In College Football, the rule for a missed field goal to the kicker's left is called wide left and conversely wide right if it misses to the kicker's right. It is described as short if it is aimed correctly but does not have the distance to go over the cross bar.
I', pretty sure it's at the spot of the kick
In the NFL, the ball will be placed at the spot of the hold after a missed field goal. If the kick took place from inside the 20, the ball is moved out to the 20. In college football, the opposing team gets the ball from the original line of scrimmage.
Scott Norwood missed the field goal in the 1991 SuperBowl
Except in desperate situations, a team will generally attempt a field goal only when keeping a drive alive is unlikely, and their kicker has a significant chance of success, as a missed field goal results in a turnover at the spot of the kick in the NFL; in the NCAA it's at the spot of the snap.
At the 20 yard line
Yes you can return it for two points
Assuming you're talking about a missed field goal attempt in American football, the usual term is "no good," accompanied by "wide right," "wide left" or "short." However, "missed field goal" is also acceptable language, and sometimes that phrase is used in a box score or a stat sheet.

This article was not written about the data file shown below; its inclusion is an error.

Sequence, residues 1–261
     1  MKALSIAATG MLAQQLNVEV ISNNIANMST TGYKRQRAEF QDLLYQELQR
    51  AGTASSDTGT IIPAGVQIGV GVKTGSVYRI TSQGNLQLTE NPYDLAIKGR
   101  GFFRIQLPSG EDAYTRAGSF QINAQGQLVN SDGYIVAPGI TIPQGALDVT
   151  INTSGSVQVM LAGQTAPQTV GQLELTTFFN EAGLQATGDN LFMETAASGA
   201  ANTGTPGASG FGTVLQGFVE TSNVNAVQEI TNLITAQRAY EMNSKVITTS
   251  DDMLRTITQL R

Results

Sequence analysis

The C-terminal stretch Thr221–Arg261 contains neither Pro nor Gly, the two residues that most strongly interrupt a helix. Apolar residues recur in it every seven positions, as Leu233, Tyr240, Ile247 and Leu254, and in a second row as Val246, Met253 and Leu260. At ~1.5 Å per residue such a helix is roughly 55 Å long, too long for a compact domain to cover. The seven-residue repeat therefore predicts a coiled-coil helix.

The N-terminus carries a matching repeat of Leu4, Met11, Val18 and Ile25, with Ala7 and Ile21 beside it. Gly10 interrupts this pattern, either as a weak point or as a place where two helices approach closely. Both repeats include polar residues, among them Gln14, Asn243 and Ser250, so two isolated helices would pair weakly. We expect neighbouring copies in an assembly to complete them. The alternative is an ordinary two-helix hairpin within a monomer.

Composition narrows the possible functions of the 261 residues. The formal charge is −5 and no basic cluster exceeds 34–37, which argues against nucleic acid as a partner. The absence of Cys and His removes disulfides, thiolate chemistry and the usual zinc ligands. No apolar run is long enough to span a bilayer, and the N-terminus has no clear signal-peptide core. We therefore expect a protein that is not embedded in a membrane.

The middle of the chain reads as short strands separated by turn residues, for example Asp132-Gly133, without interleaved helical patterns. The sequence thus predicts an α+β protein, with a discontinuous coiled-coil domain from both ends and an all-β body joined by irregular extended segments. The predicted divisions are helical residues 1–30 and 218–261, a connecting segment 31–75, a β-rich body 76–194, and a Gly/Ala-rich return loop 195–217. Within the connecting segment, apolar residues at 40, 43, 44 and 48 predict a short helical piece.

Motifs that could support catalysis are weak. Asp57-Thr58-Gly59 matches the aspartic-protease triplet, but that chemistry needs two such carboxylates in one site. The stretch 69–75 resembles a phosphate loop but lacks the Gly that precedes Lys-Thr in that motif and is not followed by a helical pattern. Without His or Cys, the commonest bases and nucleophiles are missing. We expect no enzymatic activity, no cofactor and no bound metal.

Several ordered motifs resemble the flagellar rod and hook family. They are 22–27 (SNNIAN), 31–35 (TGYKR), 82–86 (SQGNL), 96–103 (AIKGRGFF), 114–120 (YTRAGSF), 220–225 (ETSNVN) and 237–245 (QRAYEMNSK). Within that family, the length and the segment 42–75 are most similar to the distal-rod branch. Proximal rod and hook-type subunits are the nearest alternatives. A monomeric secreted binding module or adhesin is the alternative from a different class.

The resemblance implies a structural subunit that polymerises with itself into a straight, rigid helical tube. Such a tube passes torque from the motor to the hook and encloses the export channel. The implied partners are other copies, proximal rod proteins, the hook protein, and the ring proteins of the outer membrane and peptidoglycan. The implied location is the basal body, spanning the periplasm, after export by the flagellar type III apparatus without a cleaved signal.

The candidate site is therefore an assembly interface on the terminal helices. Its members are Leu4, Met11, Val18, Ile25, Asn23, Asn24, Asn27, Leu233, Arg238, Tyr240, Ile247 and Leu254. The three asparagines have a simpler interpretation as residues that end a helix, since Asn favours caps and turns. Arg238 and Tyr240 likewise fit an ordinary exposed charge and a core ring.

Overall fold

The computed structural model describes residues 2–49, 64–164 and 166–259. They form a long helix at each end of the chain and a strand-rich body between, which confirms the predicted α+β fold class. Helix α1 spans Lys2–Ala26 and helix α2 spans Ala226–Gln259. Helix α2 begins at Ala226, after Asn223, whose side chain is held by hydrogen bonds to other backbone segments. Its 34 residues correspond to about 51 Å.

Because it would be a sixty yard field goal, and only a handful of college kickers can make it from there.
No. In NFL football, once a ball hits the uprights (goal post), whether from a pass or a missed field goal or a punt, it is out of play.
Only if they make it. If they make it; it counts as a field goal attempt and a field goal make. If it is missed, it does not count as a missed field goal.